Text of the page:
Fasten, a ride-hailing startup, is shutting down its operations in Boston and Austin as part of its sale to Dutch automotive company Vezet Group, according to a customer email.

Why it matters: During a brief retreat from Austin by both Uber and Lyft last year, Fasten was among the local ride-hailing services that helped fill the gap, especially during the annual South by Southwest (SXSW) festival (with mixed results). Ironically, Fasten will cease its operations on Monday, just days before the conference returns to Austin.

The entire customer email:

Dear riders,

With heavy hearts, we are writing to let you know that as of 12amon Monday, March 5th, we will be shutting down all operations in Austin and Boston. Fasten has agreed to be acquired by Vezet Group, one of the top ten ride-hailing companies across the globe. While they will be using our brand and our technology to grow their business in other parts of the world, they will be freezing our operations in the U.S.
For us, it’s always been about more than just getting you from point A to point B.

We created this business to bring change to the ride-hailing industry. We wanted to help drivers earn more of the fare, and we wanted to give you a better choice. We believe we’ve made real progress with the 5 million rides we’ve completed together.

As we say goodbye, we ask that you make a conscious choice when it comes to ride-hailing. We know why you chose Fasten, and our hope is that you’ll continue to think about the drivers who are doing this to make ends meet and of how rideshare companies treat their people.

Fasten’s mission and model will live on in other markets around the globe, and we’re so proud of the product that we’ve built. Thank you so much for your tremendous support over the last three years. It’s been a great ride.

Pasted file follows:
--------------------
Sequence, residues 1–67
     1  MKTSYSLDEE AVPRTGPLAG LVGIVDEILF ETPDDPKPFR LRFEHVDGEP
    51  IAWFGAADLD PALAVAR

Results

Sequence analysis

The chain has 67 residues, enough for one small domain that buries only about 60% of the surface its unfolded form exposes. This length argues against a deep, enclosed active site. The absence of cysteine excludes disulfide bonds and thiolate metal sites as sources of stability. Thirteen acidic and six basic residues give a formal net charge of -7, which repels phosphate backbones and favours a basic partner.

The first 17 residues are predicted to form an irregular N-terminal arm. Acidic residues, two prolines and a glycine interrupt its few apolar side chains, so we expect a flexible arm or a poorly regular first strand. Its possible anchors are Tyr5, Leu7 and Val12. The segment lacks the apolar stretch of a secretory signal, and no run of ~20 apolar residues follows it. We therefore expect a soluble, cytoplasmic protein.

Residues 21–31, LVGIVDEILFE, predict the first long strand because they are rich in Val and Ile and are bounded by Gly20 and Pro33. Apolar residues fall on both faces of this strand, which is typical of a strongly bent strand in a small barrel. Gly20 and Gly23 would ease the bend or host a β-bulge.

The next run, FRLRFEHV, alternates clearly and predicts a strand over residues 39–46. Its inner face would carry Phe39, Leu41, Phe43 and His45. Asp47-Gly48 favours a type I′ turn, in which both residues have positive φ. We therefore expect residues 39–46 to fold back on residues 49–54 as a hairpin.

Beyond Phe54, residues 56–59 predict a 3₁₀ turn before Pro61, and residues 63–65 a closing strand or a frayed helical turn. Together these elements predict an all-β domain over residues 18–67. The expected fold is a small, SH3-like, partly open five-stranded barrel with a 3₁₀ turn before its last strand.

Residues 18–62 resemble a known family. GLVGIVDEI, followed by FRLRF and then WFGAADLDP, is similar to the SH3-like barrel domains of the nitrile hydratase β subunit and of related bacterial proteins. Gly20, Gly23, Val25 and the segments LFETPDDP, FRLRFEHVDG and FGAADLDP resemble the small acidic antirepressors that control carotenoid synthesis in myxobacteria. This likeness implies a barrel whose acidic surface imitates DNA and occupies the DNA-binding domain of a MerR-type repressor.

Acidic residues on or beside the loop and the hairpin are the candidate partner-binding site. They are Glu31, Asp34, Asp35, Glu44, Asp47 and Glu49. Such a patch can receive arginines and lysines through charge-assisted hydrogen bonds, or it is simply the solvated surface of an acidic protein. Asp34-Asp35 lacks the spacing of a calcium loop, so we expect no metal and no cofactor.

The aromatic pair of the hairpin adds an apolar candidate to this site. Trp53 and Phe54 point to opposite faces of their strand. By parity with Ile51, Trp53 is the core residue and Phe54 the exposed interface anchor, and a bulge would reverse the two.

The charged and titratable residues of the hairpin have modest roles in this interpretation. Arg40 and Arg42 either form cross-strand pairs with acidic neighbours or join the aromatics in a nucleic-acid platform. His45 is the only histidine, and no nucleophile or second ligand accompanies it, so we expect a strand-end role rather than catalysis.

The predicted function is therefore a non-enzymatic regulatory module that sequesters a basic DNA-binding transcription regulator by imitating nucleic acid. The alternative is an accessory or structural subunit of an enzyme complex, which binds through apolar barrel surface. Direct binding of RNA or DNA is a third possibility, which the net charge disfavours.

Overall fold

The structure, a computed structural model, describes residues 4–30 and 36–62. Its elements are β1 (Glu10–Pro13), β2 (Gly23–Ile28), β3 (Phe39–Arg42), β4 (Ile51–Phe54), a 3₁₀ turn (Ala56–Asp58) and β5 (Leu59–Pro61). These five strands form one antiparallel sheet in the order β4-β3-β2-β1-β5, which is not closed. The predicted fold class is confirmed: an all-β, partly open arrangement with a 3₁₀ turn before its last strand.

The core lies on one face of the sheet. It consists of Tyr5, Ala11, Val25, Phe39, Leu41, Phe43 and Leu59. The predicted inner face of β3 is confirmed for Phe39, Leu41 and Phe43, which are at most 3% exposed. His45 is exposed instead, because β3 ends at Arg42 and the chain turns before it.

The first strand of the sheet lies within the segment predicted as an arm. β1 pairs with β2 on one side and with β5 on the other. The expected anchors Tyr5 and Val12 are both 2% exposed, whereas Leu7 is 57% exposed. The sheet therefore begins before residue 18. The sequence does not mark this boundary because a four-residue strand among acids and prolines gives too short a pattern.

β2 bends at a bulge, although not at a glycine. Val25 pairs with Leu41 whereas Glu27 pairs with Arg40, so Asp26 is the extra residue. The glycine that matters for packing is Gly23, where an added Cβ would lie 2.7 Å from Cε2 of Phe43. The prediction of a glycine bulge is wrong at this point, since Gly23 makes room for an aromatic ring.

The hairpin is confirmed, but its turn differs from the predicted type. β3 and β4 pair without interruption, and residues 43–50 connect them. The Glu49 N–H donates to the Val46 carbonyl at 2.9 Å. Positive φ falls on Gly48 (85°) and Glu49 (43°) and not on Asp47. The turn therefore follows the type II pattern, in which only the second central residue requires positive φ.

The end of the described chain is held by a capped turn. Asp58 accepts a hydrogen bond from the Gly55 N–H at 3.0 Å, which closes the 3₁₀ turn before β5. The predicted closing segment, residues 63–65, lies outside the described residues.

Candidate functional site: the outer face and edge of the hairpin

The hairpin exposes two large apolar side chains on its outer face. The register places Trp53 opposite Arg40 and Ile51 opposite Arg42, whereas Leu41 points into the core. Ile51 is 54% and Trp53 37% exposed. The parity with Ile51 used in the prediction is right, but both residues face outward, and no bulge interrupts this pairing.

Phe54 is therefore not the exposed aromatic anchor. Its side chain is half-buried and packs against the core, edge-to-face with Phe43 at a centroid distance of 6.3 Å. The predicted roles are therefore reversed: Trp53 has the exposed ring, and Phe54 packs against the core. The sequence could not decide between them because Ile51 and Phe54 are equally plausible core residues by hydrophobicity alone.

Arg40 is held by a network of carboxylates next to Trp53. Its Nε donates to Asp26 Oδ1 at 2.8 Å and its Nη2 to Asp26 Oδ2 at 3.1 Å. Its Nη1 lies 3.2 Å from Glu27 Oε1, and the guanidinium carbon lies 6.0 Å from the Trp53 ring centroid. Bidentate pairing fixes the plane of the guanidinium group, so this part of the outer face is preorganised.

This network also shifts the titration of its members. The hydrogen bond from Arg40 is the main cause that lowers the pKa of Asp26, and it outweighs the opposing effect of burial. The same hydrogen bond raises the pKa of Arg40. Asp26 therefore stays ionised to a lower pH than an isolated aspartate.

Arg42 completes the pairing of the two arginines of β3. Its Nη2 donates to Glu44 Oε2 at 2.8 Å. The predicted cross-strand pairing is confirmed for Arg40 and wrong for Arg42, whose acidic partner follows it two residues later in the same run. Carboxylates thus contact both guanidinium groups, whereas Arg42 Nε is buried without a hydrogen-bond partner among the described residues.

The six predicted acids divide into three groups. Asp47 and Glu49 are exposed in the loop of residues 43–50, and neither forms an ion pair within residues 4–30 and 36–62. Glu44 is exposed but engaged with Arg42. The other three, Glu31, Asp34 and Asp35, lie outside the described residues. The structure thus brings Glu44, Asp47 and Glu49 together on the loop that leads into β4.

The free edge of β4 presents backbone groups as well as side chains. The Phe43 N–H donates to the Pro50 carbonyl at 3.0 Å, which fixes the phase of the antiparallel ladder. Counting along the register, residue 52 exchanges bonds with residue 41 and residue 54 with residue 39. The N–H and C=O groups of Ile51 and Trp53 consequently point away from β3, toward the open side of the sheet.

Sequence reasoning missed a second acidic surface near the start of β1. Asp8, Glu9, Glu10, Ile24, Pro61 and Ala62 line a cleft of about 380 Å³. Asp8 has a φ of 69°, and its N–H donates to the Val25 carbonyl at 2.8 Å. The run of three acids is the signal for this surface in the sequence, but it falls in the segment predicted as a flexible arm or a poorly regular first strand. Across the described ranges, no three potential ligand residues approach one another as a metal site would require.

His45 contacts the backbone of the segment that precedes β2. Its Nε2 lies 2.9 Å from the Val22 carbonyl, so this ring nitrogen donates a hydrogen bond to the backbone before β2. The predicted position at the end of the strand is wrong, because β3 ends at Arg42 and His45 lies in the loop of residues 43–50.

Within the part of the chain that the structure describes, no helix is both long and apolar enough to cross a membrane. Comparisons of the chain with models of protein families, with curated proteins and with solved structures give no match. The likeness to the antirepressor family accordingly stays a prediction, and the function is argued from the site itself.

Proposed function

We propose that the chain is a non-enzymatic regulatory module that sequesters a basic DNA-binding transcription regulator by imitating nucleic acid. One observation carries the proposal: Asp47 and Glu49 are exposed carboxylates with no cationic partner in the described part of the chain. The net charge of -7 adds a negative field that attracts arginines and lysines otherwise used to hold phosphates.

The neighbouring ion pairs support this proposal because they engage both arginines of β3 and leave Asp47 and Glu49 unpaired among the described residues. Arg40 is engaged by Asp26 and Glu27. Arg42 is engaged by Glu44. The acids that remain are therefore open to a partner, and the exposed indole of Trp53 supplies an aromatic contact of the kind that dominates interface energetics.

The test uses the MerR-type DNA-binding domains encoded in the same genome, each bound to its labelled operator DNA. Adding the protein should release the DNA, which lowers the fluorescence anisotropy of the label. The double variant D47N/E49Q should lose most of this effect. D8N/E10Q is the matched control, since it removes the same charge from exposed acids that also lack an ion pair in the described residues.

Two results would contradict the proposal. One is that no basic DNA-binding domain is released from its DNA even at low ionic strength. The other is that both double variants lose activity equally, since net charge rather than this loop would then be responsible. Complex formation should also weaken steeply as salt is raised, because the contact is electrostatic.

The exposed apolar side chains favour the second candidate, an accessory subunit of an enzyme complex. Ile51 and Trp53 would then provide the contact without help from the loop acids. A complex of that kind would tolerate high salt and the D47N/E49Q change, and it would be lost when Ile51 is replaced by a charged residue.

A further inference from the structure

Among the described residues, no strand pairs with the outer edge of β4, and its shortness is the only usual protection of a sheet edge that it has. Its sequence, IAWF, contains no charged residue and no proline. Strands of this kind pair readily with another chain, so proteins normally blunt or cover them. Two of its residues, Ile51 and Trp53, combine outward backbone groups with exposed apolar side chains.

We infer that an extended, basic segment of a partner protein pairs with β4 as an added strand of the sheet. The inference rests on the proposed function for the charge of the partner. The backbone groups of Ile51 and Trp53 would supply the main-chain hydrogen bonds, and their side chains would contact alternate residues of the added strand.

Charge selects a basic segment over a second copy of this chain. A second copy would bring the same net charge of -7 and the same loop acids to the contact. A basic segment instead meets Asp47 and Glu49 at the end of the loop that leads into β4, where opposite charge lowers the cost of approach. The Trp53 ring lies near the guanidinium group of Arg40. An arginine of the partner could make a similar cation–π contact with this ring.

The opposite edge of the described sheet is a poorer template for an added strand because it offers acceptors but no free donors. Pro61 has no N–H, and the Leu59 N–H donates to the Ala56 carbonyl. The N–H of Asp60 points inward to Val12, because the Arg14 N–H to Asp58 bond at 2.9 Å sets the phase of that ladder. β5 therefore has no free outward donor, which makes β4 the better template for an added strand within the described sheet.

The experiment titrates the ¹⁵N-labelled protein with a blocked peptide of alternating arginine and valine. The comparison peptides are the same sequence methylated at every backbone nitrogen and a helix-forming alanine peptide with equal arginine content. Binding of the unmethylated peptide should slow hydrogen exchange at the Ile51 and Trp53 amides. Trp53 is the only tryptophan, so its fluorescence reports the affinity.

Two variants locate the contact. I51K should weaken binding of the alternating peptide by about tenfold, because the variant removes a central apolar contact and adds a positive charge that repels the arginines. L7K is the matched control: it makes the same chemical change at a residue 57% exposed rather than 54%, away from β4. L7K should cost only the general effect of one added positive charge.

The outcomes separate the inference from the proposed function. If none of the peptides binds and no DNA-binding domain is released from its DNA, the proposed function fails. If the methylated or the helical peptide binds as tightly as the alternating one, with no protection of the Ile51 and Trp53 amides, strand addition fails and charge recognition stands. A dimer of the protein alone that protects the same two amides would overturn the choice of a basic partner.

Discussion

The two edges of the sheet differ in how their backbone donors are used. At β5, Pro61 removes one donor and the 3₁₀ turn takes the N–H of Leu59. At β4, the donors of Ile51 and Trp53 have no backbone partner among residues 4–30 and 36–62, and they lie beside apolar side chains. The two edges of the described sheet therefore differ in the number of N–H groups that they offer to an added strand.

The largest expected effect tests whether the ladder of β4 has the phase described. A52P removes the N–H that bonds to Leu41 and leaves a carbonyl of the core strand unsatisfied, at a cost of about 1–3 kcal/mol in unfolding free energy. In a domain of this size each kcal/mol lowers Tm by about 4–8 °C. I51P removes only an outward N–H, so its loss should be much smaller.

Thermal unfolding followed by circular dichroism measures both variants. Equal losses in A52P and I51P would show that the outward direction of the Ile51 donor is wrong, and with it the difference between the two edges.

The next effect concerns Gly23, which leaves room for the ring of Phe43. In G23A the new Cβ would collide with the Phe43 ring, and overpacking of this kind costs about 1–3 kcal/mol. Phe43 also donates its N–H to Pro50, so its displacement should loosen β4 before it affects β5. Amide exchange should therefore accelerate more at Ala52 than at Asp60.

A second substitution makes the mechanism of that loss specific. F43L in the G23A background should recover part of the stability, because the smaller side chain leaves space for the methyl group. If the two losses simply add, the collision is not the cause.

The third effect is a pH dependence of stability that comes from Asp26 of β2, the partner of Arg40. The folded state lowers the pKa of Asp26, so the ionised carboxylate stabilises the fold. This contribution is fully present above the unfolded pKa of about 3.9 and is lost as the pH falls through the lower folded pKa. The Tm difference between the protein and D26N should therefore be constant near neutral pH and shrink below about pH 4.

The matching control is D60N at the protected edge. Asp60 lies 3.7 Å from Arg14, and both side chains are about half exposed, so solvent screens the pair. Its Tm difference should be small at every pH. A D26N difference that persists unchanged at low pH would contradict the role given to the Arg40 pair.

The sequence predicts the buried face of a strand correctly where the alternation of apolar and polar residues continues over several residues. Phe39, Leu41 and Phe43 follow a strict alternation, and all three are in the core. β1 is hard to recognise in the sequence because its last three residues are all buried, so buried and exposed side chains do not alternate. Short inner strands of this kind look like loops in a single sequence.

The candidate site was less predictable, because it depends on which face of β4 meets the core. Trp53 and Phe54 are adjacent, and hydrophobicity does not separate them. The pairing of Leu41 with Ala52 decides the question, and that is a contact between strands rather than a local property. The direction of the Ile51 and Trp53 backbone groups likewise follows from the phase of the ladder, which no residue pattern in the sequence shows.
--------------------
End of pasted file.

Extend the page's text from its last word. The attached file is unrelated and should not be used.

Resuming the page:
With gratitude,
Kirill Evdakov, Vlad Christoff, and Roman Levitskiy,
Co-founders, Fasten

Go deeper

SurveyMonkey poll: Trump improves, but not enough

Trump and Biden during the final debate. Photo: Xinhua/Liu Jie via Getty Images

President Trump's final debate performance exceeded Americans' expectations, but it wasn't enough to shift the dynamics that left him trailing Joe Biden across most measures, according to a new Axios-SurveyMonkey poll.

What they're saying: "Liar" was the word used most by debate watchers to describe Trump's performance, followed by "lies," "strong," "presidential" and "childish." "Presidential" was the word used most to describe Biden's performance, followed by "liar," "weak," "expected" and "honest."

Hunter Biden saga dominates online debate

Data: NewsWhip; Table: Axios Visuals

The mainstream media turned away. But online, President Trump's charges about Hunter Biden were by far the dominant storyline about the final presidential debate, according to exclusive NewsWhip data provided to Axios.

  • Coverage of business dealings by Joe Biden's son — and pre-debate allegations by one of his former business associates, Tony Bobulinski — garnered more than twice as much online activity (likes, comments, shares) as the runner-up.